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Malawi, Food Assistance for Assets 2015-2019: Evaluation
This decentralized evaluation was commissioned by the WFP Malawi Country Office and covers the Food Assistance for Assets (FFA) intervention for the period 2015-2019. Data collection took place from 16th March to 2nd April 2021.

The key objectives of this evaluation were to contribute to identifying inclusive and effective scaling-up strategies to inform CSP implementation and ensure strategic shifts in programming where necessary. The findings will also help refine WFP programming allow donors, development, and international partners to be better informed and supportive of integrated approaches to resilience programming, particularly in the light of COVID-19. The evaluation incorporated both accountability and learning objectives, with greater emphasis on the latter. It focused on assessing the relevance, effectiveness, efficiency, impact and sustainability of the FFA intervention. The overarching evaluation question focused on how effective WFP Malawi’s integrated resilience framework with the use of FFA as the foundation on which packages of interventions is are layered and implemented?

Some of the key evaluation findings included:

  • FFA is a proven foundation for designing and implementing integrated resilience initiatives. Local ownership was enabled via cross-sector coordination and community planning, while activities were relevant for community and district-level integration.
  • FFA achieved planned outputs over the course of implementation, with some overachievements of targets and some flexible rescheduling of activities in response to contextual factors such as pipeline delays experienced across different FFA districts.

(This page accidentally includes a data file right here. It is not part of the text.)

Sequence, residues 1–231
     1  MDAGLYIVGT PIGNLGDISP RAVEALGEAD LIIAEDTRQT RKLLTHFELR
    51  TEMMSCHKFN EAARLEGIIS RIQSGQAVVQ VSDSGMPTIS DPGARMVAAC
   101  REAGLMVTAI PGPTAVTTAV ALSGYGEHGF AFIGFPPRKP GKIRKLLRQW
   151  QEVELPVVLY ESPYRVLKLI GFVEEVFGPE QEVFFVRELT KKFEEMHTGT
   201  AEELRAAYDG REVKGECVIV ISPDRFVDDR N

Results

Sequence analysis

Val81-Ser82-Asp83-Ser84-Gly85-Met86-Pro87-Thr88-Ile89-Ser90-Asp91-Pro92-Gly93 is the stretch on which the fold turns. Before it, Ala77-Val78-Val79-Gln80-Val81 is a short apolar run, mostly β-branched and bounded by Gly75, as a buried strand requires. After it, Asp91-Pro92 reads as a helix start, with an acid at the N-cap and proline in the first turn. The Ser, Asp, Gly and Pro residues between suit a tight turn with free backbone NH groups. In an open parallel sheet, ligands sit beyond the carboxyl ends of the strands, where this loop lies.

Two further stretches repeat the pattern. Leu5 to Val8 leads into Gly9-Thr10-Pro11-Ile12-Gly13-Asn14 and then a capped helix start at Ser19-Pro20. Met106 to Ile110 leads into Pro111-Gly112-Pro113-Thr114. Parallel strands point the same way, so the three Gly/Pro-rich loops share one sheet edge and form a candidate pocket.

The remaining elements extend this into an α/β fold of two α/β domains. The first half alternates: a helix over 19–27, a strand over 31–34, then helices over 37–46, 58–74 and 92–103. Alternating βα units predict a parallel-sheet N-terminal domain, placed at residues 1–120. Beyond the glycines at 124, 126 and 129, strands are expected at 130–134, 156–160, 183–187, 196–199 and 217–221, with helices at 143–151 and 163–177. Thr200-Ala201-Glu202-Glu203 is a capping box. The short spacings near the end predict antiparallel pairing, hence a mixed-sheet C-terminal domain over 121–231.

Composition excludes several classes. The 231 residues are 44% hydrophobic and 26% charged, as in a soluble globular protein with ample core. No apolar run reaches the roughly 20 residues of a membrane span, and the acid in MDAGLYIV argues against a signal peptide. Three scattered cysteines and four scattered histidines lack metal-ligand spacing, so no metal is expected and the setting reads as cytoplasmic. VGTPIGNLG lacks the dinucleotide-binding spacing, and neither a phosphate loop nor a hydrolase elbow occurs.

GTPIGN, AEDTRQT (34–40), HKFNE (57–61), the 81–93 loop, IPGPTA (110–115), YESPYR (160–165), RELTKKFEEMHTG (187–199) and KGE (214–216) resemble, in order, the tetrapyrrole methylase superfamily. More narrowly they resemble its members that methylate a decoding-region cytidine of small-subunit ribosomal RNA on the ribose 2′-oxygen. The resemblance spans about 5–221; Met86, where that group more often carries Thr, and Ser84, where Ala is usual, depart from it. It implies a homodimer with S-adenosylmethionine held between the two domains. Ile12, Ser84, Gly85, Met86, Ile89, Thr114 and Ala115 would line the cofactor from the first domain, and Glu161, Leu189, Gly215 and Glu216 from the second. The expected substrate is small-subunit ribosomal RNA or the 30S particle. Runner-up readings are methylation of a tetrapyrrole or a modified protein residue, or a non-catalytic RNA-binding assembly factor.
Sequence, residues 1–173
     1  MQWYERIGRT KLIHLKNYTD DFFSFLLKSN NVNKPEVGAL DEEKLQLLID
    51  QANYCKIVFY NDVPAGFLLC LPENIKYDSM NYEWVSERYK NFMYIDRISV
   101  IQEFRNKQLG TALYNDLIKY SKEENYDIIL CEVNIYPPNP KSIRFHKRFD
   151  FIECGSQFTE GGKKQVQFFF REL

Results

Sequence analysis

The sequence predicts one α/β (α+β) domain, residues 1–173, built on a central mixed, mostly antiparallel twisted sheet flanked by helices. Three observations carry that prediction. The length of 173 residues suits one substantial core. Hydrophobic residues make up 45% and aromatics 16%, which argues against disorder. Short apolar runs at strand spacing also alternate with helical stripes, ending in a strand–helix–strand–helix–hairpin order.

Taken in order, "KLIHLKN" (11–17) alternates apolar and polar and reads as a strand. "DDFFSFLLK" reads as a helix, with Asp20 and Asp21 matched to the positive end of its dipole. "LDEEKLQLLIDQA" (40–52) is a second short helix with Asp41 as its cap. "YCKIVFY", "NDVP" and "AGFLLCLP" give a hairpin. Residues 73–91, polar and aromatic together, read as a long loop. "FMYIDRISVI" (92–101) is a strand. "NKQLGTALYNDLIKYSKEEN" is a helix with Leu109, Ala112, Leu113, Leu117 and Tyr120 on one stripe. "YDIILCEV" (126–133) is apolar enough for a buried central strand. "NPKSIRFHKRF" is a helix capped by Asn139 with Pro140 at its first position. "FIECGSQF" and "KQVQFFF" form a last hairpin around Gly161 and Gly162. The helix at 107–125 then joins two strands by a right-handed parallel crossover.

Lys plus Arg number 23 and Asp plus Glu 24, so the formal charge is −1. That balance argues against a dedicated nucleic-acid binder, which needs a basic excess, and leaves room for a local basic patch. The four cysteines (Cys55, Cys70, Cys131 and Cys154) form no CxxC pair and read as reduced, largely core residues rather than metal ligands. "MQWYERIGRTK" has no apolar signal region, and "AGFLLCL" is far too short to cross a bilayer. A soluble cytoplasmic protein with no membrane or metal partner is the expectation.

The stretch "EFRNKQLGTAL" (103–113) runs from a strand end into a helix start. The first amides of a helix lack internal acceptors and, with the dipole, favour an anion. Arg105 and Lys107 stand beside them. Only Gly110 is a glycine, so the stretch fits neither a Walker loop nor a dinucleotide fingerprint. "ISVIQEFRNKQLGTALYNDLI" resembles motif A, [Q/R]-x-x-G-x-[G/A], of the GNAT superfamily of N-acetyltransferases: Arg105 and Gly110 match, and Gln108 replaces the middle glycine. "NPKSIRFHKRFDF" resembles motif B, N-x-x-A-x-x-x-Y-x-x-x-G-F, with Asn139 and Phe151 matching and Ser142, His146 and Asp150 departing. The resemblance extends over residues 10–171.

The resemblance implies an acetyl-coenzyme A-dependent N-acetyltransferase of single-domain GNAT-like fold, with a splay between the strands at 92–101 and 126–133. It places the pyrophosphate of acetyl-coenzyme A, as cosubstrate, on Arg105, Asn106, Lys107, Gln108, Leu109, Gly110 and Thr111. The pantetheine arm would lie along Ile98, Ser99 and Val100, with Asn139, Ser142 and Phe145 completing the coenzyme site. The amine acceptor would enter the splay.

• The integrated approach to resilience building, which saw the connection of FFA to the pilot project initiatives, R4 Rural Resilience Initiative and Global Framework for Climate Services, and the Integrated Risk Management and Climate Services Programme resulted in significant food security outcomes during the implementation period, laying a solid foundation for increased household food consumption and diversification.
  • As a result of significant internal and external funding, rapid staffing increases, and improved overall organizational efficiency, WFP efficiently responded to increased FFA needs after 2016.
  • There is considerable evidence that FFA effectively trains households to deal with shocks before, during, and after they occur. RIMA findings show that increasing resilience "pillars" leads to stronger resilience "outcomes" and project components.


Key recommendations from the evaluation included:

  • WFP needs to weigh up the trade-offs inherent in meeting food needs later at the expense of providing funds for the timely purchase of productive inputs, such as improved seeds and fertiliser.
  • FFA should explore additional ways of dealing with new threats and/or shocks that threaten the sustainability of agricultural interventions with the UN and other development partners.
  • There is a need for an agency to be an intermediary in implementing weather insurance in communities.
  • WFP needs to continue to embed gender equity and women’s empowerment throughout its programming opportunities in order to address strategic and structural barriers to GEWE in the communities.
  • FFA should engage with market-based resilience building programs to promote competition in input markets, provide smallholder farmers with more options, and establish new markets for farm and non-farm outputs.
  • WFP should work with appropriate government departments and other key stakeholders in Malawi in relation to land tenure arrangements, given the importance of communal land for successful community asset creation.